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Mr Bean's Holiday

Rowan Atkinson in Mr Bean's Holiday

Review by Jack Foley

IndieLondon Rating: 2 out of 5

DVD SPECIAL FEATURES: Over 21 minutes of deleted scenes; 3 Featurettes: French Beans, Beans in Cannes, The Human Bean.

IT’S been 10 years since Rowan Atkinson took his Mr Bean character into cinemas for Bean: The Ultimate Disaster Movie. But even he admits that not everything was right about it.

There was too much talking for starters, while the whole endeavour was tailored towards mainstream audiences and American sensibilities. Mr Bean’s Holiday, the belated sequel, attempts to go back to the origins of the character and relies more on silent comedy. But it’s still a hit-and-miss affair.

The story picks up as Bean (Atkinson) wins the top prize in a church raffle for an all-expenses trip to the South of France and packs his bags in search of some sea and sun. But his journey goes wrong from the moment he reaches Paris and unwittingly misses his train connection.

The ensuing adventure finds him being mistaken for a kidnapper after he befriends a young boy (Max Baldry) he has accidentally split from his father and winds up at the Cannes Film Festival, where Mr Bean comes to antagonise a big name film director (Willem Dafoe) who is attempting to show his art-house movie.

There’s even chance for an unlikely “romance” with a bubbly French actress (Emma de Caunes) who is also headed for the festival to see her film premiere.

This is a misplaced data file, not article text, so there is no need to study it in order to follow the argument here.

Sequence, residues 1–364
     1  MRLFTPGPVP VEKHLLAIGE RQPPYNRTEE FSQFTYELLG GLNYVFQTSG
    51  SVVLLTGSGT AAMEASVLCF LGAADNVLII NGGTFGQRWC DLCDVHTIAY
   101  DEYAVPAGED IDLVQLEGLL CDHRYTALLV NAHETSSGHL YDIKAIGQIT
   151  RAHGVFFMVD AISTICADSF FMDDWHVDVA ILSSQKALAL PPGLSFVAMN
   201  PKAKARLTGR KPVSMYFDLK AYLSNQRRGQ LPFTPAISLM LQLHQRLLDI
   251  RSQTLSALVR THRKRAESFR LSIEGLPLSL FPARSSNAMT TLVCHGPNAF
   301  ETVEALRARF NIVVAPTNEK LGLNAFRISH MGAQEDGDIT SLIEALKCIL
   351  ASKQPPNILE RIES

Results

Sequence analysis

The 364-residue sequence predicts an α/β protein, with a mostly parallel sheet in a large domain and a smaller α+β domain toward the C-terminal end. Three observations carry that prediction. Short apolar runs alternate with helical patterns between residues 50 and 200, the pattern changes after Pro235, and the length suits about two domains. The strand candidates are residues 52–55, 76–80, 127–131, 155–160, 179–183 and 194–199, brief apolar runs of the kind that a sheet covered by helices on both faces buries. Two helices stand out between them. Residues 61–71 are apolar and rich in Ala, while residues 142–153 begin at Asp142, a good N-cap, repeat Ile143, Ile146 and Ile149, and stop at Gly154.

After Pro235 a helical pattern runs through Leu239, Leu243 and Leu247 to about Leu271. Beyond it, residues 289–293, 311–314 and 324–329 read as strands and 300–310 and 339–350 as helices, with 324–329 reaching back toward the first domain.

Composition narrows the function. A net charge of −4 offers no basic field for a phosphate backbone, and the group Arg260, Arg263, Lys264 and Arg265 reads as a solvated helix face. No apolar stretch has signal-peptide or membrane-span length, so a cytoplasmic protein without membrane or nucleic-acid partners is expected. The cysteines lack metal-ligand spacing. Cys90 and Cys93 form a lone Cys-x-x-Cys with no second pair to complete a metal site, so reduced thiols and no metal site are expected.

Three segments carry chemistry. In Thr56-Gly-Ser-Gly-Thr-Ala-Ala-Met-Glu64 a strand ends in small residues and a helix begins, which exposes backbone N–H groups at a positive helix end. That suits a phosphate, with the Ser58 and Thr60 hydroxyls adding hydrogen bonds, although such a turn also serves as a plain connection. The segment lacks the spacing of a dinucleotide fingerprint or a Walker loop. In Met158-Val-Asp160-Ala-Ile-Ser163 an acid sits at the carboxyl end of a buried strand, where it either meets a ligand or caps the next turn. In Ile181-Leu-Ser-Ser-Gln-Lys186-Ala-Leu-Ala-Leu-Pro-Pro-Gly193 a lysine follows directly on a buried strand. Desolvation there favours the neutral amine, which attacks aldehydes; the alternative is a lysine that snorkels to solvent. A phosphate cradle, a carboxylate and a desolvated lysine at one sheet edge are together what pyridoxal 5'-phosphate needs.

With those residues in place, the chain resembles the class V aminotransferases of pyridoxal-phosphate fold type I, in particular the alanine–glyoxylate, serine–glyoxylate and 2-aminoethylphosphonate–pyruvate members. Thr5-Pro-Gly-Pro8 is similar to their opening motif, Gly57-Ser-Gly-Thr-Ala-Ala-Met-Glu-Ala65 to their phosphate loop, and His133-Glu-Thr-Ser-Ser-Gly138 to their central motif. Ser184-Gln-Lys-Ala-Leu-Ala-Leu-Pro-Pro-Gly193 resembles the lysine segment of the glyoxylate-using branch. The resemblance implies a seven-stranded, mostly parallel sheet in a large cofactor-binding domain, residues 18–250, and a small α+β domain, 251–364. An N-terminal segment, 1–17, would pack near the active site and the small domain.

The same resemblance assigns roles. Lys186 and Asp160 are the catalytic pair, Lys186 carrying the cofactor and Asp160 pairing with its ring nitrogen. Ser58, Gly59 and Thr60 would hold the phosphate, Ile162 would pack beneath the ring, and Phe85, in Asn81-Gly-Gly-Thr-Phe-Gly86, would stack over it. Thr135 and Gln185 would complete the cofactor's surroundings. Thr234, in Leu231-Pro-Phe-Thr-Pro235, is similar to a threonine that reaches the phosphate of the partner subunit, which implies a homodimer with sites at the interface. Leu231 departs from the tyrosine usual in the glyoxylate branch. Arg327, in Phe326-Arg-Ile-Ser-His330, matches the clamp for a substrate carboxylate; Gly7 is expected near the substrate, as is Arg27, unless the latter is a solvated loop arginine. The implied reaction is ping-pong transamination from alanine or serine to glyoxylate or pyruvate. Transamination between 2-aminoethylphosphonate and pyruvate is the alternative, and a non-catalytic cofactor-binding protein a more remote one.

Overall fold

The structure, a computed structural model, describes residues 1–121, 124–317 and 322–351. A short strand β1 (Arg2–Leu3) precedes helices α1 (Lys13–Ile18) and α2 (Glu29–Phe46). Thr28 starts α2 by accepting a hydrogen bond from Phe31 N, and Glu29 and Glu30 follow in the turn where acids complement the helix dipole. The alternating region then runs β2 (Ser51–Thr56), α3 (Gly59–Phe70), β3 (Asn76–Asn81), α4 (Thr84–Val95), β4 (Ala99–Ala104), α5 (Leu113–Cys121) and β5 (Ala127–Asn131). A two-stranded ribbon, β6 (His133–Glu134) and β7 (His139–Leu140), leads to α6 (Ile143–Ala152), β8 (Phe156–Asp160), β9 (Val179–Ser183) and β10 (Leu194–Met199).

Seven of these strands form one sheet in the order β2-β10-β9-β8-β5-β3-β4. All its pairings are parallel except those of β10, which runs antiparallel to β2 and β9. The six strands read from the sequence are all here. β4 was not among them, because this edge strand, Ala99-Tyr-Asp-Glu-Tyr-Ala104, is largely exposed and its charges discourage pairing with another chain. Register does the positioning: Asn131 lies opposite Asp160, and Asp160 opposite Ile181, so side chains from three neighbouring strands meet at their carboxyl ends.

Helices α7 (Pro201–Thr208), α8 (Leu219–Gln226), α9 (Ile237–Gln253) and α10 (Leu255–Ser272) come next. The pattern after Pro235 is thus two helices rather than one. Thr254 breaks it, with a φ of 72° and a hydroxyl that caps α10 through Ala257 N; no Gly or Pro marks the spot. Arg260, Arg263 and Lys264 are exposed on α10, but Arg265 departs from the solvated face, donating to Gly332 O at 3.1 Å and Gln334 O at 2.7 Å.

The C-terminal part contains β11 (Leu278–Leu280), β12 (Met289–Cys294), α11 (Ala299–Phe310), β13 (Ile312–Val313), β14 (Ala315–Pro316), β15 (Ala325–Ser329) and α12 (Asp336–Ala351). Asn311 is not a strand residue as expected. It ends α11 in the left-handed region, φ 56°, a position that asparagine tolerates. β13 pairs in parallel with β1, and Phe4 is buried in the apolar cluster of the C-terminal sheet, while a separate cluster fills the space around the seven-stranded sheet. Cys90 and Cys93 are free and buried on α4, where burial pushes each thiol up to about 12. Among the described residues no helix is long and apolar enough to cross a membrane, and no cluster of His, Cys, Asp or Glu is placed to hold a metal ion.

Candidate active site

On the surface, Mr Bean’s Holiday has plenty of potential. It’s directed by Steve Bendelack (of Little Britain and The League of Gentlemen’s Apocalypse fame) from a screenplay by Robin Driscoll, Hamish McColl and Simon McBurney (last seen as a shady British diplomat in The Last King of Scotland).

But while it does have the odd inspired moment (such as an impromptu piece of street theatre or the French sing-along at the end of the movie) they merely serve to highlight how disappointing the rest of the material is.

All too often the humour relies on juvenile jokes that lack the sophistication of the film’s very best moments and which contribute to an uneven tone. Older audiences may laugh at some of the arthouse nods, but they’ll be lost on the kids. And vice-versa once the more obvious stuff kicks in. The result is a frustrating experience in which more jokes miss than hit.

Of the performances, Atkinson is so comfortable in the role he could virtually be doing it with his eyes closed. But Dafoe seems to be having fun playing a pretentious director and de Caunes is enchanting as the actress and plays well off Atkinson’s humour.

A short running time also ensures that it’s all over relatively quickly. But the overall impression is that Mr Bean’s Holiday is more of a two-star package than anything top class. Viewers are therefore advised to check in with caution.

Certificate: U
Running time: 88mins